Philadelphia Reflections

The musings of a physician who has served the community for over six decades

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How to Make a City Rich

It now may seem hard to believe, but in 1900 many people referred to Philadelphia as the richest city in the world. By 1948, when I first arrived there, it was dirty, defeated old wreck. The Gilded Age was pretty much forgotten. What makes a city first rich and then poor? How could that happen so quickly? I asked people who might likely know answers and got back an astonishingly wide variety of them. Some answers were pretty trivial, like the one which emerged from an old fellow who, in all seriousness, said he thought everyone at that time had two houses, and in 1929 most of them had to sell one house. So they sold the one in Philadelphia with the higher taxes, and the greater cost to heat. Others made more thoughtful answers, but probably wrong ones, like Digby Baltzell's book on Quaker Philadelphia and Puritan Boston, which essentially says Quaker diffidence discouraged people from getting rich. What he really seems to be saying is the Quaker trustees and officers at the University of Pennsylvania had kept it from becoming Harvard by not donating enough.

So let's temporarily skip to some answers which attract an influential following. At the moment, that group notably includes John Bogle, who founded Vanguard Group in 1974 and now has a customer base worth roughly three trillion dollars. Vanguard is now busy adding international offices in London and Melbourne, presumably to be able to provide 24-hour daily trading to a stock-trading world which is increasingly Vanguard's own little oyster. It's true their near competitor, Fidelity in Boston is largely owned by Ned Johnson and his family, whereas Vanguard is a mutual company owned by its customers. The consequence of that simple decision for the Johnson family emerged later: the Johnsons are immensely rich while the Bogles are merely prosperous. But mutualization of ownership does allow Vanguard to be slightly cheaper than Fidelity, which Fidelity makes up for, by providing better personal service. Perhaps we should wait until both companies have been through the inheritance tax meat-grinder, before judging who made the better choice of the corporate form. We may find Fidelity was somehow warped in its approaches by its need to escape inheritance taxes.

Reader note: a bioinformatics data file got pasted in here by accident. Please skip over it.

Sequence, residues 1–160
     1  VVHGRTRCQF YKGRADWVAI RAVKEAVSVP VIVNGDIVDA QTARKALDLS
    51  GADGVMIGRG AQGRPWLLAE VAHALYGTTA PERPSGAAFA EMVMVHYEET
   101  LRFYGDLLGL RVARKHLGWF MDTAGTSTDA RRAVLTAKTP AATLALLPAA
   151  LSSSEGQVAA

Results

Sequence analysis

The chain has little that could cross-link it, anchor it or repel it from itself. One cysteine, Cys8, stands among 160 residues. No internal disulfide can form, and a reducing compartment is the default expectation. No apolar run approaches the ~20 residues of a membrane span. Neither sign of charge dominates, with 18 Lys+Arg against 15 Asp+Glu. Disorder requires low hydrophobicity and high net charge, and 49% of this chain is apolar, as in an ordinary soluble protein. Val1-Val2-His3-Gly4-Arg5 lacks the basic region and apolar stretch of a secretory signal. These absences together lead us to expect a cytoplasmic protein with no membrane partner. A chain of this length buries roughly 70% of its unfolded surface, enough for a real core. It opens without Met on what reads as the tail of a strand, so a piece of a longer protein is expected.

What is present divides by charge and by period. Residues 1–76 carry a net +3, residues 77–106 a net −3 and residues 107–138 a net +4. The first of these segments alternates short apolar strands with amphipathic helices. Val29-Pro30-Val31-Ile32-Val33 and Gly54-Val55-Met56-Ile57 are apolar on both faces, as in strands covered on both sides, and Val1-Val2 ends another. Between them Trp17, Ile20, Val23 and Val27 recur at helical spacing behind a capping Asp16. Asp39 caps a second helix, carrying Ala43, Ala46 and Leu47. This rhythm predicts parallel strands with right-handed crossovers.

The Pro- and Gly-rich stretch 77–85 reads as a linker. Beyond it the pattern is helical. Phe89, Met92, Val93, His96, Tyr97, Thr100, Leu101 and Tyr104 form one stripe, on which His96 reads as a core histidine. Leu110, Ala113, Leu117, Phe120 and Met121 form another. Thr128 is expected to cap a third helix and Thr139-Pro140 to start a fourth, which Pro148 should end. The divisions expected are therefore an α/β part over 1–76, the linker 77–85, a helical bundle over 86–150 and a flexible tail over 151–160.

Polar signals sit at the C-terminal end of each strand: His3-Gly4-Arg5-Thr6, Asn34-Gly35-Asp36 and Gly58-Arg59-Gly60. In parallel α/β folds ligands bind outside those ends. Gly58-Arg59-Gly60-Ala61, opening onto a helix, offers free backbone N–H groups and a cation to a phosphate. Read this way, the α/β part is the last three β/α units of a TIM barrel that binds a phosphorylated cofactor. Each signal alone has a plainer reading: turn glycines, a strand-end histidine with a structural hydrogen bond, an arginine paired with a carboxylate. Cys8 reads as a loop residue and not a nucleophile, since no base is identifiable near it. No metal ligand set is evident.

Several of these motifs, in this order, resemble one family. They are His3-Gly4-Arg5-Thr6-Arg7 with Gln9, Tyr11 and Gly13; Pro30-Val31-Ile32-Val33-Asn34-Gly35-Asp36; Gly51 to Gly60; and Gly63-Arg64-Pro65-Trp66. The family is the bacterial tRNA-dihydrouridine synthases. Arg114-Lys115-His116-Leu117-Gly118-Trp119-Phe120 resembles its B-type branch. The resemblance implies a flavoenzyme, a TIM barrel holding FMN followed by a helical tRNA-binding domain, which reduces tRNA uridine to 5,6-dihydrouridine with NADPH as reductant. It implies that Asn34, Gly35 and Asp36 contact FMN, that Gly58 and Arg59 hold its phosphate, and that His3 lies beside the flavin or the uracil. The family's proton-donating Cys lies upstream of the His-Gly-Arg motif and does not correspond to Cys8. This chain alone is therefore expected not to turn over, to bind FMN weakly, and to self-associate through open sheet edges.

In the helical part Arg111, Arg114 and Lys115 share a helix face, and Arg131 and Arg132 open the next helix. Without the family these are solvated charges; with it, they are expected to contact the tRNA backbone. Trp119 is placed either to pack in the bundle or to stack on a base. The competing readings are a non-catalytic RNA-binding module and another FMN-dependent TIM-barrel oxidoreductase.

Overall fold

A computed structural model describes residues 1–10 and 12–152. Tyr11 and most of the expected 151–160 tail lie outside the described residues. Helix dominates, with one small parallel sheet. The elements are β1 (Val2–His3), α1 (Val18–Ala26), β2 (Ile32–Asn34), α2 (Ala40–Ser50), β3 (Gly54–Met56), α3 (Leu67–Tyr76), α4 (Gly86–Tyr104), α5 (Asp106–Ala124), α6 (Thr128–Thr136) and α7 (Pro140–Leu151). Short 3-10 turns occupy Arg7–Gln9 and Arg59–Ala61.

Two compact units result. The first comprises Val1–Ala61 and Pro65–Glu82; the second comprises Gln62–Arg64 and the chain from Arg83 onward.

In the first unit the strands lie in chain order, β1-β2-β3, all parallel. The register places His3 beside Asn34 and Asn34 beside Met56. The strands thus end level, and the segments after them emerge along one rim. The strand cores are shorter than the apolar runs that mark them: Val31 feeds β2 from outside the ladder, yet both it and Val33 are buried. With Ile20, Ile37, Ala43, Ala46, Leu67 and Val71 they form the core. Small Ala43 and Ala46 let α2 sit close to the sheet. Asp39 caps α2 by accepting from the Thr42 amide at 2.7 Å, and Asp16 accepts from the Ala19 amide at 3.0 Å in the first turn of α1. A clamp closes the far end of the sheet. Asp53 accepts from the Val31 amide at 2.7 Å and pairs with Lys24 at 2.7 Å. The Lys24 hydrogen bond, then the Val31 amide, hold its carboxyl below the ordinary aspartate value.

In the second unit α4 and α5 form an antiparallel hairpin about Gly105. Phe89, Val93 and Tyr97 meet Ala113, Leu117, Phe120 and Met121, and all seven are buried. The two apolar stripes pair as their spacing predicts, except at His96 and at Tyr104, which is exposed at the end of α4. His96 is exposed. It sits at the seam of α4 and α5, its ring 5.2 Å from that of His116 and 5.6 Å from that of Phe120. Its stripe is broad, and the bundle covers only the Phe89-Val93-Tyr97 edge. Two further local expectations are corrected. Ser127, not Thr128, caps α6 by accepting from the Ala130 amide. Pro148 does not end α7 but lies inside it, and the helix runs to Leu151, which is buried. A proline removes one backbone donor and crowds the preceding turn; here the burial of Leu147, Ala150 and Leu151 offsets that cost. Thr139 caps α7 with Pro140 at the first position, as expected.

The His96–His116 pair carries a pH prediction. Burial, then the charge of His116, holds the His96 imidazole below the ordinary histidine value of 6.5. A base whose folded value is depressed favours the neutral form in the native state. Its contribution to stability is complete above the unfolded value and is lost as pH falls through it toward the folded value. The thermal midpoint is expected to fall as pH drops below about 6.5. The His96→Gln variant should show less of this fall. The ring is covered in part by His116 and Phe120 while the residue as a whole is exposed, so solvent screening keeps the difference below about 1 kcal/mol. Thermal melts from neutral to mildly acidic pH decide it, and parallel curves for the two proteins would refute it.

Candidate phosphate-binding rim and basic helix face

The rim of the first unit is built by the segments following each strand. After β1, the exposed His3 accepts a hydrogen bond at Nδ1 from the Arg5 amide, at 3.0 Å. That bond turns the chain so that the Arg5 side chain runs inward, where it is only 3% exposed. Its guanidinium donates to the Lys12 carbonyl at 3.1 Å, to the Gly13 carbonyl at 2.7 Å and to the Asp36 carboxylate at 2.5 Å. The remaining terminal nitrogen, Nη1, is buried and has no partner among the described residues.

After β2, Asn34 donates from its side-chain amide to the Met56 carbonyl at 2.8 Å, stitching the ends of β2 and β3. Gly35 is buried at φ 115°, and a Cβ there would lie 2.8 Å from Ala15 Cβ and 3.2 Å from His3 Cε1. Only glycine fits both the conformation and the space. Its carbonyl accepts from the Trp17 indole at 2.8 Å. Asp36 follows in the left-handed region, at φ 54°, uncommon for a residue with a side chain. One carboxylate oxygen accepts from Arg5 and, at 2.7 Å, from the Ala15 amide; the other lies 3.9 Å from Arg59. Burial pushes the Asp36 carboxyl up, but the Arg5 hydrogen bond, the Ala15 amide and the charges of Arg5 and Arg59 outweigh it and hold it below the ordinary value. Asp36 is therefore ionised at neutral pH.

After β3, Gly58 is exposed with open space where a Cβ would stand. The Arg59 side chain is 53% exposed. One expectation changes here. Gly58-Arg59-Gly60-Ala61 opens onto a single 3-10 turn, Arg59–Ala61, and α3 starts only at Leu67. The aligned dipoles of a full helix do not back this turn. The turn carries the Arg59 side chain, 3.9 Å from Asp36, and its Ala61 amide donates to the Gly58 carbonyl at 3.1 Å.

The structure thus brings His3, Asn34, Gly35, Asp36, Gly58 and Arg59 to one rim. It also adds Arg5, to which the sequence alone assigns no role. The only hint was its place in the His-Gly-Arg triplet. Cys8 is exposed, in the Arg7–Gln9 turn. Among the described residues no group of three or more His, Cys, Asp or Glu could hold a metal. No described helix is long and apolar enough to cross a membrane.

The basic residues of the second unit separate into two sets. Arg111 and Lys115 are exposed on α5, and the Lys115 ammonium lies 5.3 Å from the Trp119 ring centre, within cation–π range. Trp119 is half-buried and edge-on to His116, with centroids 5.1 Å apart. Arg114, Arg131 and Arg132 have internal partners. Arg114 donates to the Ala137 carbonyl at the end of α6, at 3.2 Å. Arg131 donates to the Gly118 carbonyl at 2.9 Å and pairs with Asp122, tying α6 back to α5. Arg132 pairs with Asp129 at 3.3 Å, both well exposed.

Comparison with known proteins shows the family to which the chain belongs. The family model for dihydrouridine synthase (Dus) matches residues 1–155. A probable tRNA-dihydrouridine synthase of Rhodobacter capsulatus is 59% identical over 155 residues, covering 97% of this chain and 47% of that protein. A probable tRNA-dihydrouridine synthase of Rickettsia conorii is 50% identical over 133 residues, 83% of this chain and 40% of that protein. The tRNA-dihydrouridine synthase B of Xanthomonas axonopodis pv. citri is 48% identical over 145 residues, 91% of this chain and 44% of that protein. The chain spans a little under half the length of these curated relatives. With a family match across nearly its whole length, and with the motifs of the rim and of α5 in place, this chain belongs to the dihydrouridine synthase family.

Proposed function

Essentially, the three-part Bogle message is: Random investment in the whole market through index funds, has a slight performance advantage over stock-picking and market-timing; taxes are reduced by a buy-and-hold philosophy, and eliminating stock-picking reduces overhead costs. The Bogle method is called "passive investing" whereas more conventional approaches are called "active investing". The differences are small but consistent, essentially providing an easy way path for converting 1% advantages into a comfortable retirement if you just start but forget about them, for fifty years. The system thus has appeal for the relatively small investor who does need a retirement income but has neither training nor interest to devote to his investment portfolio. Over a major portion of a lifetime, small differences can amount to a truly important set of advantages, particularly the ability to make a purchase, forget it, and remain reasonably confident he won't be cheated by his agents. One by one, kings and democracies cheat by inflating the currency, while hired money managers routinely cheat their employers. It doesn't seem to matter whether you are the slave or the master; the final outcome is rather similar. John Bogle offers the common man a method he can understand, trust-- and neglect.

The price the common man must pay is to surrender the hope of getting rich while young enough to enjoy life in youthful ways. He won't get rich unless he invests most or all of his savings, for major portions of his lifetime, employing a process known as "dollar-cost averaging". The pay-off comes later in the thirty extra years of unexpected longevity, which would otherwise be a bleak time for most of them. Even the long term Nirvana is clouded by occasional thirty or forty year cycles of "black swans", or market-wide swings in the value of the 1929 Crash variety. If a person's life happens to superimpose long-cycle crashes on top of life's major expenditures, as it would with a sudden major illness, or convulsions of some sort in his primary source of livelihood, he definitely won't get rich, ever. He can however still expect to perform better than he would with active investing. This style of passive investment is best suited for people who have some other source of income, who nevertheless save a small amount for a rainy day. It's also well suited for endowments and perpetual non-profits, who tend to get large lump-sum gifts at infrequent intervals, have relentless expenses from their charitable mission and are managed by experts in some special field, other than investing. The endowment situation can also be characterized as a rich person entrusting his funds to the management of non-rich employees whose financial competence is not entirely trusted by the donor. It's transparent, but it is both simple and safe.